A Plant-Based Diet

JUST TO REITERATE, I am not anti-vegetable. Far from it! And therein lies the paradox. We may be at war with plants, but they (or at least most of them) contain the vitamins, minerals, and a long list of flavonoids, antioxidants, polyphenols, and other micronutrients essential for our microbiome’s health—and, consequently, our health.

The Plant Paradox Program is actually a microbiome- and mitochondria-centric program that recommends a diverse array of the right plant foods at the right time, prepared the right way, in the right amounts. By the time you have finished reading this book, you’ll know exactly which plant foods to eat, which to avoid, and how to prepare certain foods to mitigate the impact of lectins. But you won’t subsist on plants alone. The source of most of the animal protein you’ll be eating is wild seafood, so I call this program a “vegaquarian” diet. Naturally, as a longtime professor at Loma Linda University School of Medicine, a Seventh-day Adventist vegetarian institution, I also provide an empowering approach for vegetarians and vegans to achieve optimal health.

Half of my patients seek me out because they have failed to show improvement on other famous gut-healing regimens, such as the GAPS diet, the SCD, and the Low FODMAP diet. What my colleagues in gut health don’t recognize is that while numerous factors are important in healing leaky gut, you must remove the offending proteins that are forcing the wall of the gut open in the first place. Until you do this, you are merely doing the equivalent of bailing water out of a leaky boat. Unless you fill the holes and stop making new ones, the boat (and you) will continue to sink.

Fortunately, there are ways to outwit the damaging effects of lectins, which I will reveal in the following chapters. Following the three phases of the Plant Paradox Program, you will initially remove the most problematic lectins so that you can heal your gut. Most people can later reintroduce some lectins, properly pretreated, in moderation. Nor is everyone equally sensitive to individual lectins. The longer your ancestors had been eating a certain leaf or other plant part that contains a lectin, the more opportunity your immune system and microbiome had to evolve to tolerate that lectin. At some point, they both evolve to merely shrug their shoulders when confronted with this particular protein.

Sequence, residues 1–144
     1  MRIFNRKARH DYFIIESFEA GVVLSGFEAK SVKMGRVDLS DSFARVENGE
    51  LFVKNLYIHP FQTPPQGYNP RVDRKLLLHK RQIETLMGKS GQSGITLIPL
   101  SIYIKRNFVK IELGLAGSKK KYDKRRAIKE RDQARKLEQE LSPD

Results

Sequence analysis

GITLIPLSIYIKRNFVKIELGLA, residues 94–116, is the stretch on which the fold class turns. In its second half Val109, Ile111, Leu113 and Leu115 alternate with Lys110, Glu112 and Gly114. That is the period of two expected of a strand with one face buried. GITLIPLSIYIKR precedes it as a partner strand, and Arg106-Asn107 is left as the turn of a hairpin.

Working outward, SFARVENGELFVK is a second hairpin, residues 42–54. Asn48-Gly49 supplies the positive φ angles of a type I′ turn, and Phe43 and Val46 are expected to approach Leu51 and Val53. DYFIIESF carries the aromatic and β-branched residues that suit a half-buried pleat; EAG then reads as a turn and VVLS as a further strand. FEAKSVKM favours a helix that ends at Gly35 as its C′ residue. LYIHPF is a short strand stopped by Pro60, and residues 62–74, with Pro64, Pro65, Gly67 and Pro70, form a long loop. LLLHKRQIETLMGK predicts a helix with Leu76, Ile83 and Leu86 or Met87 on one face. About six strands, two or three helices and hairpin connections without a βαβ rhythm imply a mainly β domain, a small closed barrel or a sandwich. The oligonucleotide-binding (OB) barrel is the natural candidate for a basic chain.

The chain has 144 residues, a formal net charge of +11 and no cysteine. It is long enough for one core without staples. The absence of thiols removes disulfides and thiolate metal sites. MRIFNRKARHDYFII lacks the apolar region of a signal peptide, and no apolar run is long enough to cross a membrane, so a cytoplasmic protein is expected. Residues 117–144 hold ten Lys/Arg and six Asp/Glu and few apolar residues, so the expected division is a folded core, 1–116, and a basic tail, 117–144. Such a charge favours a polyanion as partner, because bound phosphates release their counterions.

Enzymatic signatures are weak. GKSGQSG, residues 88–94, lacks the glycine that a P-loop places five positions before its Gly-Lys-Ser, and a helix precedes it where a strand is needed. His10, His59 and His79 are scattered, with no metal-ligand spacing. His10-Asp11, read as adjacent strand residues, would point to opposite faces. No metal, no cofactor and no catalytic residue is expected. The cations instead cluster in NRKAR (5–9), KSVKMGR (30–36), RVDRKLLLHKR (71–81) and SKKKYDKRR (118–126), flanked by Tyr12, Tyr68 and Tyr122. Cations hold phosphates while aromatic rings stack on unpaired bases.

In the next chapter, we’ll delve deeper into the world of lectins to understand how they are leading the charge in the war within your body. We’ll also explode the myth of many so-called healthy foods, which, as you’ll learn, are actually the hidden cause of heart disease, diabetes, arthritis, obesity, and all autoimmune diseases.

Lectins on the Loose

Now that you’ve been introduced to the mischievous proteins known as lectins, let’s address the obvious questions: If our forebears have been eating most of these lectin-containing foods for thousands of years, why are they only now undermining our health? And what, if anything, has changed in recent years to make that the case?

This is where it gets really interesting. Lectins have actually been making trouble for humans for thousands of years. Through trial and error, any animal, including our own species, learned which plants to avoid. But about one hundred thousand years ago, humans made a discovery that catapulted us past all other creatures in our war with plants: fire! Cooking partially breaks down many lectins. Plus, it is an easy way to break apart the cell wall of a plant. Previously, only gut bacteria were capable of both feats. This allowed our early ancestors to evolve in a way that dramatically lessened the amount of energy (and surface area of the intestines) required for digestion—a change that made calories more accessible to our energy-demanding brain. While not a perfect solution, cooking also allowed us to utilize the underground starch storage system of plants called tubers—think of sweet potatoes—by breaking down these previously indigestible plant compounds.

After cooking came about, things were looking pretty good for Homo sapiens for about ninety thousand years. Plentiful animals and tubers produced tall, robust humans. In fact, up until ten thousand years ago, the average human stood about six feet tall. But when the last Ice Age ended, trouble began. The huge beasts that thrived in the cold rapidly died off, requiring a new resource for calories for mankind. Enter agriculture and the domestication of grains and beans (legumes) in the fertile triangle of the Middle East. Both could be stored and used later, unlike fruit, which needs to be consumed when ripe. The cultivation of grains and legumes was the ultimate double-edged sword of the plant paradox. Entirely new lectins entered our guts for the first time in millions of years, and we were, and still are—excuse the pun—ill prepared. But as you’ll soon understand, grains and beans were both the best and worst things that could have happened to our species.

Two Types of Lectins